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Cystinuria clinical trials at UC Health

2 in progress, 1 open to eligible people

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  • Lipoic Acid Supplement for Cystine Stone

    open to eligible people ages 18 years and up

    This study evaluates how daily alpha lipoic acid supplementation affects cystine kidney stone recurrence. Half of the subjects will receive 1200 mg alpha lipoic acid orally daily for three years, while the other half will receive a placebo. The funding source for this clinical trial is FDA OOPD.

    at UCSF

  • The Effect of Sodium-glucose Cotransporter (SGLT) 2 Inhibitors on Cystine Stone Formation: A Preliminary Study

    Sorry, not yet accepting patients

    Cystinuria is an inherited autosomal recessive disorder of the kidney that is the result of an inability to reabsorb cystine from the urine. Supersaturation of cystine in the urine produces crystals that precipitate and form stones in the kidney, which can be a cause of obstruction, infection, and chronic kidney disease. Cystine stones constitute a major health challenge for affected individuals with cystinuria because of the frequent recurrence of painful symptoms and the current absence of effective, patient-accepting treatment. A mainstay of therapy is breaking or preventing the cystine bond on the molecular level such that cystine (which is formed from the joining of two cysteine amino acids and their corresponding sulfur atoms) cannot precipitate in the urine. It is hypothesized that a glucose molecule may be able to do this if introduced into the urine. SGLT-2 inhibitors are a class of drug that are FDA approved to treat diabetes mellitus (DM) and heart failure by inhibiting an enzyme in the kidney that allows for reabsorption of glucose from the urine. This effectively increases the concentration of glucose in the urine. Our hypothesis suggests that administration of this drug to patients with cystine will introduce sufficient glucose into the urine to prevent the formation of cystine stones. To date, there has been no published data on the effectiveness of this therapy for this indication, although the dosage and administration would be identical to that already approved by the FDA for the treatment of DM and heart failure.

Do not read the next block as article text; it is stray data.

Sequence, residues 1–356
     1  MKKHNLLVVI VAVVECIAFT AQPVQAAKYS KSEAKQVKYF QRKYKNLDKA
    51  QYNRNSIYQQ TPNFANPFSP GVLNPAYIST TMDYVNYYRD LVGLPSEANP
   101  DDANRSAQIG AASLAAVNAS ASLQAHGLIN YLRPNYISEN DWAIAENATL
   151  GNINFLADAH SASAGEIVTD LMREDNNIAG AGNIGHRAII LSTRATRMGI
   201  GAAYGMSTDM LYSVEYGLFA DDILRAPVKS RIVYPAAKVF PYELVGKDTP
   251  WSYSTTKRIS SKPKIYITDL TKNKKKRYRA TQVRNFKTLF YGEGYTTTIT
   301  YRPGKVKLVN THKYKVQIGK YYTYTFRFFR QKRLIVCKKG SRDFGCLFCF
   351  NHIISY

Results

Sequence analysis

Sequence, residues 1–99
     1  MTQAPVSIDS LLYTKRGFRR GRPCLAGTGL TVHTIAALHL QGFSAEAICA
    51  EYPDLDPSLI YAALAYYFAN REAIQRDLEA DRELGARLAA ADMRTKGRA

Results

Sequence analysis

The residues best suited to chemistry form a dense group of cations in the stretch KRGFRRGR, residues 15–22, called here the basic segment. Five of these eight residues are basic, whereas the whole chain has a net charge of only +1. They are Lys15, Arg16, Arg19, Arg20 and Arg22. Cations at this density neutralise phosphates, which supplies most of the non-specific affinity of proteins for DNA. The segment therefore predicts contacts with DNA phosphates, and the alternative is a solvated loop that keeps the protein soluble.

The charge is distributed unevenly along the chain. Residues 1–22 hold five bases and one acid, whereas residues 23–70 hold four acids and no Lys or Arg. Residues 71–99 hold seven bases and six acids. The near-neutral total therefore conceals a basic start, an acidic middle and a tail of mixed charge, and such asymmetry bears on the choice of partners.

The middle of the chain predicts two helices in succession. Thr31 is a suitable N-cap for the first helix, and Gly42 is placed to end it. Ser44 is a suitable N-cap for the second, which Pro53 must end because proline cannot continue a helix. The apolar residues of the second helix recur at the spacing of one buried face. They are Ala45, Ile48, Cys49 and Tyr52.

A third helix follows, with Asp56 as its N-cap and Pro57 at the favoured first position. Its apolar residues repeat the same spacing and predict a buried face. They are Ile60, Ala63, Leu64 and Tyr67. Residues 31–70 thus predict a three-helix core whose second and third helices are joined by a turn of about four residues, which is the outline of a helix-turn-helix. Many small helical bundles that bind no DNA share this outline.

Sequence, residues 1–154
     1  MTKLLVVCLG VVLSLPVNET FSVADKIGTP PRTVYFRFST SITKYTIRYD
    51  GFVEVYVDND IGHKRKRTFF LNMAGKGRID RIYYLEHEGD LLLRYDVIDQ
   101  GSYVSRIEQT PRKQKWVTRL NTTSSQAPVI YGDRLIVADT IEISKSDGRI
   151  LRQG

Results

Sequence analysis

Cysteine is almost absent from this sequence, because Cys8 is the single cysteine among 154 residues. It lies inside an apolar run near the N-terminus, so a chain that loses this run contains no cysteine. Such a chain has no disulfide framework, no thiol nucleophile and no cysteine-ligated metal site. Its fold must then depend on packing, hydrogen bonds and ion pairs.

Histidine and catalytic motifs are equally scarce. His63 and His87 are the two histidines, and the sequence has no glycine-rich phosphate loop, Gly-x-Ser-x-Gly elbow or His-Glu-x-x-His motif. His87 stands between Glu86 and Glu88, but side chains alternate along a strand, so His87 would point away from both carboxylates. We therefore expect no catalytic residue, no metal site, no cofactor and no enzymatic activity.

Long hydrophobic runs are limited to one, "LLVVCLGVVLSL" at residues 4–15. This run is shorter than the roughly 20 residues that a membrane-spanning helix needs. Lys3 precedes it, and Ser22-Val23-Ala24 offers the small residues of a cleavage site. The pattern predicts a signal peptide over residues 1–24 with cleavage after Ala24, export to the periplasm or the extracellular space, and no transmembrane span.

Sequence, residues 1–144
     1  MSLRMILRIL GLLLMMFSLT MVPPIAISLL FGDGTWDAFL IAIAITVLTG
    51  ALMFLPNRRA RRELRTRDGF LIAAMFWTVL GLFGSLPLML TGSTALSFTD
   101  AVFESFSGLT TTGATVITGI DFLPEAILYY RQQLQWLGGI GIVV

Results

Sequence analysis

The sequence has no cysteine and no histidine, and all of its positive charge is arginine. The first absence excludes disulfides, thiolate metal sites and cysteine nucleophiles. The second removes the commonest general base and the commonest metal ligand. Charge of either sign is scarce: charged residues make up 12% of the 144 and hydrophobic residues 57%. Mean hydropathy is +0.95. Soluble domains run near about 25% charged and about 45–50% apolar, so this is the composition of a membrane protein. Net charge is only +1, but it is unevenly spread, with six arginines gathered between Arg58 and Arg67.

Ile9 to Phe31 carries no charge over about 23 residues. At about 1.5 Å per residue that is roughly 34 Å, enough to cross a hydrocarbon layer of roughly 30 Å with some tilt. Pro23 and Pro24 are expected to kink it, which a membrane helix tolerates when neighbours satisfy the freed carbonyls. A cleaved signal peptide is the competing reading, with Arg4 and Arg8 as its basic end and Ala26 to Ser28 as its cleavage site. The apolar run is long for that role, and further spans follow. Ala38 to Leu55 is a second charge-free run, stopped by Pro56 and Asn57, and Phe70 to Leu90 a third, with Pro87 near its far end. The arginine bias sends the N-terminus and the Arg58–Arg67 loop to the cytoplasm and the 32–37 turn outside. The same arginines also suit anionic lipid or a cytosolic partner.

at UCSF

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